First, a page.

Onchocerciasis can be eliminated with ivermectin
Proof of principle in specific African endemic areas
A major study has now conclusively shown that ivermectin not only controls onchocerciasis, but it also interrupts transmission and has been able to eliminate the parasite in endemic areas in Africa. Published in PLOS Neglected Tropical Diseases, the TDR-supported study in three hyperendemic areas in Mali and Senegal where treatment had been given for 15 to 17 years, shows that those treatments could be safely stopped.
Mass treatment with ivermectin controls onchocerciasis as a public health problem, but it was not known if it could also interrupt transmission and eliminate the parasite in endemic areas in Africa where vectors that carry the parasite are highly efficient. This article reports the results of the final evaluations up to 5 years after the last treatment in which more than 29 000 people and half a million blackflies were examined. The results showed no evidence of renewed transmission after stopping treatment and only continuing declines in infection levels, reaching zero in two sites.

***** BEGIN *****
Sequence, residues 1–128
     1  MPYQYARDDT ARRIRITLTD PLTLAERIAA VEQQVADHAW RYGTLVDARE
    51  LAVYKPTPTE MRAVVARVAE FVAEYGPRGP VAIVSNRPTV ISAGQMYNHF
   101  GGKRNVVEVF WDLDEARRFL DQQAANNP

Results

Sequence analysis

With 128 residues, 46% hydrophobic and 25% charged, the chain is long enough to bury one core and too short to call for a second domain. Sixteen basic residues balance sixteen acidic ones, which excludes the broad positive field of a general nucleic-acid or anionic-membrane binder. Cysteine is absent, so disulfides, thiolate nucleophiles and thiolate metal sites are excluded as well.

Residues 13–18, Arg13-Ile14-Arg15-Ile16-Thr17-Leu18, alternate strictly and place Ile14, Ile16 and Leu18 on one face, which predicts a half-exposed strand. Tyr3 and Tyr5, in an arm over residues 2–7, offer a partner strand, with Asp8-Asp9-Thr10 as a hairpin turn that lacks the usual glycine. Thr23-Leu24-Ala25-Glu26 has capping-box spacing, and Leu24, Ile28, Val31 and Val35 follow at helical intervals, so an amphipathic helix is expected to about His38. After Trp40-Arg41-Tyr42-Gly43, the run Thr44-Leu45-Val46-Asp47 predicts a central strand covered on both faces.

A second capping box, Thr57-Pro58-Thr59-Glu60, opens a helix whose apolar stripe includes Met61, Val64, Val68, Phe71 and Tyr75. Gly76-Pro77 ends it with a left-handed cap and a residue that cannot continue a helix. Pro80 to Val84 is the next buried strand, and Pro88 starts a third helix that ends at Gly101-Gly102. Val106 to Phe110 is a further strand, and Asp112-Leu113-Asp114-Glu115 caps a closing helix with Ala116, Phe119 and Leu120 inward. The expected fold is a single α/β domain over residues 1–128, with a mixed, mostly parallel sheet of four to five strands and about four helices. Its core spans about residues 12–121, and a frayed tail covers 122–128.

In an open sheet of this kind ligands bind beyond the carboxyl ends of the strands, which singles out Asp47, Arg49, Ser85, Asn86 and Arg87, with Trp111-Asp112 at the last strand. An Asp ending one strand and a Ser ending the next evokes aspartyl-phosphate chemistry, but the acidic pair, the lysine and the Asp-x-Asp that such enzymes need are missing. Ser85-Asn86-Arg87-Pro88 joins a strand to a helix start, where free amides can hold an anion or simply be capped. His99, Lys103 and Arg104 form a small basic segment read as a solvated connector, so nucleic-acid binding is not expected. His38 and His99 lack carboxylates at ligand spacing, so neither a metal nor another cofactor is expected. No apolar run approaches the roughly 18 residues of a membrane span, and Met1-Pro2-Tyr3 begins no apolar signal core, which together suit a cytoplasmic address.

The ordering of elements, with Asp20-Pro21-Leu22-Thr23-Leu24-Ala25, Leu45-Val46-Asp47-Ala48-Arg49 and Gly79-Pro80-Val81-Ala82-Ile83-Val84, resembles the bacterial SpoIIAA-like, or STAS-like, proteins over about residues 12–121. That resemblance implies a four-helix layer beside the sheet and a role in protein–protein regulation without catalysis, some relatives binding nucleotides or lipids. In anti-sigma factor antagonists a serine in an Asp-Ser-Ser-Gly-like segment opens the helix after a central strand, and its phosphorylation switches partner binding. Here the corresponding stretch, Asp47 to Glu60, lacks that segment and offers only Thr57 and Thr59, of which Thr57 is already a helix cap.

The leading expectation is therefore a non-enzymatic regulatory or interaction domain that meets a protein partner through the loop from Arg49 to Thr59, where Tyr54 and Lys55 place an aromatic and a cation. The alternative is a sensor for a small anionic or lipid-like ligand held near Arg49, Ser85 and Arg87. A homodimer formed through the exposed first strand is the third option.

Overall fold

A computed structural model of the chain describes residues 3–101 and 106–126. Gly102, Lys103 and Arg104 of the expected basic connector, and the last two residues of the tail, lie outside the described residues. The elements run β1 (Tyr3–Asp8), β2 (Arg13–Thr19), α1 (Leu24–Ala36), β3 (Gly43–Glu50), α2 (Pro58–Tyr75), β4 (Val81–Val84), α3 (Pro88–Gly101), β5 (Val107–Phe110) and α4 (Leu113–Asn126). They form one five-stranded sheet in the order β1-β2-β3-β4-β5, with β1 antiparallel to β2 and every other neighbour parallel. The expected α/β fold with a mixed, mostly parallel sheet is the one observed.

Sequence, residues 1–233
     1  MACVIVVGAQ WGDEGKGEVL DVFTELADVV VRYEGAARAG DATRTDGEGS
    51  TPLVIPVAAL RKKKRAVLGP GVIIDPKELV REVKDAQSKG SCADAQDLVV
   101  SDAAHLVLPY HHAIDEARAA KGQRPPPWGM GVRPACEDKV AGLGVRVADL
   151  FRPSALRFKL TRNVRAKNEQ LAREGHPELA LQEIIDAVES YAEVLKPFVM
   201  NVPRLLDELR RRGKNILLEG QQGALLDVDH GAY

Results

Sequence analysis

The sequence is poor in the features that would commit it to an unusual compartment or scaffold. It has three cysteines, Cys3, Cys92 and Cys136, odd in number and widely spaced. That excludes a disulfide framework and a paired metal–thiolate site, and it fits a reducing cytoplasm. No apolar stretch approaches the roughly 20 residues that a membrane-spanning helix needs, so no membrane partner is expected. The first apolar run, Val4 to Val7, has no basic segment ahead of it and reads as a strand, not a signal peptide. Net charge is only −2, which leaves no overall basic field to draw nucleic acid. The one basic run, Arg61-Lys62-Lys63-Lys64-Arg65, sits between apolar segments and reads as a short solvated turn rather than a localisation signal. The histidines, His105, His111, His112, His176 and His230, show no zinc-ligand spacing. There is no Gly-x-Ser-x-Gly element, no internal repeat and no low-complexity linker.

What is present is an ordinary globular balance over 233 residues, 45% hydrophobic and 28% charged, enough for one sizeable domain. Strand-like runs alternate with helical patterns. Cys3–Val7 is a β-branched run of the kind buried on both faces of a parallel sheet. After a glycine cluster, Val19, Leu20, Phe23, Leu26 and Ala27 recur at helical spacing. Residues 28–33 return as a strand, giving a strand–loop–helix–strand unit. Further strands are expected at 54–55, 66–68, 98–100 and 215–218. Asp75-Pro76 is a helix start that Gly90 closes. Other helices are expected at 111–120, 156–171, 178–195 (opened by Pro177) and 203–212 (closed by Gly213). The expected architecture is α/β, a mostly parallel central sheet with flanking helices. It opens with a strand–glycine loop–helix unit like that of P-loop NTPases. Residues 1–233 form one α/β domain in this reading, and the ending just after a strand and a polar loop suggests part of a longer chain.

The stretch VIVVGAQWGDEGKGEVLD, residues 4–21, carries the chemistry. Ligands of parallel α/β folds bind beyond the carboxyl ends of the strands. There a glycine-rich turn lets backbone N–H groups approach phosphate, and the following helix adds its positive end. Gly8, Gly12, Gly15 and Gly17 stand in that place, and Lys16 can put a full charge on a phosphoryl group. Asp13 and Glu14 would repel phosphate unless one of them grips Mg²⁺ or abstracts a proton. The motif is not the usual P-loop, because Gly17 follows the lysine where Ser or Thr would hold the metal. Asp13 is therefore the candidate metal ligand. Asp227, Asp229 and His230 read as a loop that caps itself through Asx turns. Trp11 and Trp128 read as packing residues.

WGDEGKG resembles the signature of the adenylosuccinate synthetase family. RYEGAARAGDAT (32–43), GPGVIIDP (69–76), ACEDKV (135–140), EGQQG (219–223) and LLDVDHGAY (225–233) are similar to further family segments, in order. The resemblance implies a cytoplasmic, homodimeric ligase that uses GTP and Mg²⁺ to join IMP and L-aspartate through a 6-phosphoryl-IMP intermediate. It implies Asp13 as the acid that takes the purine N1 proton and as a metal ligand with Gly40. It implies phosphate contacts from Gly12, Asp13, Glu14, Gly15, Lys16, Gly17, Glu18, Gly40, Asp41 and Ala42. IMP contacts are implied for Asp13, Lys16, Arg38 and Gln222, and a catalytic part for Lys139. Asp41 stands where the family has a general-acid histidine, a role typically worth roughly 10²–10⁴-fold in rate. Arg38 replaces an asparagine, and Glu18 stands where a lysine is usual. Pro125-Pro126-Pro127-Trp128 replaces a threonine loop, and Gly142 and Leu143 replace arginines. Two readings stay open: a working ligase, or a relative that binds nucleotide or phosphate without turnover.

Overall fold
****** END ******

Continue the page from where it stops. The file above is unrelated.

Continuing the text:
- Proof-of-Principle of Onchocerciasis Elimination with Ivermectin Treatment in Endemic Foci in Africa: Final Results of a Study in Mali and Senegal
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